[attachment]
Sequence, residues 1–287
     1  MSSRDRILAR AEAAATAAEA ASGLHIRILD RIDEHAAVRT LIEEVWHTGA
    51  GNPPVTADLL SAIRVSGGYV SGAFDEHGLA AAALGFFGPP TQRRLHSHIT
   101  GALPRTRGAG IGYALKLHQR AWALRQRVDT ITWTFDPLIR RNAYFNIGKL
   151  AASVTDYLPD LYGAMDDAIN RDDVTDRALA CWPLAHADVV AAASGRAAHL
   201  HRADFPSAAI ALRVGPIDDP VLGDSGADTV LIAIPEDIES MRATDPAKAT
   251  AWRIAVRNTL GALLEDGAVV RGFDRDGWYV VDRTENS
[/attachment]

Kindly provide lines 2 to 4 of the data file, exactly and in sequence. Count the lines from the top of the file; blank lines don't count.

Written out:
     1  MSSRDRILAR AEAAATAAEA ASGLHIRILD RIDEHAAVRT LIEEVWHTGA
    51  GNPPVTADLL SAIRVSGGYV SGAFDEHGLA AAALGFFGPP TQRRLHSHIT
   101  GALPRTRGAG IGYALKLHQR AWALRQRVDT ITWTFDPLIR RNAYFNIGKL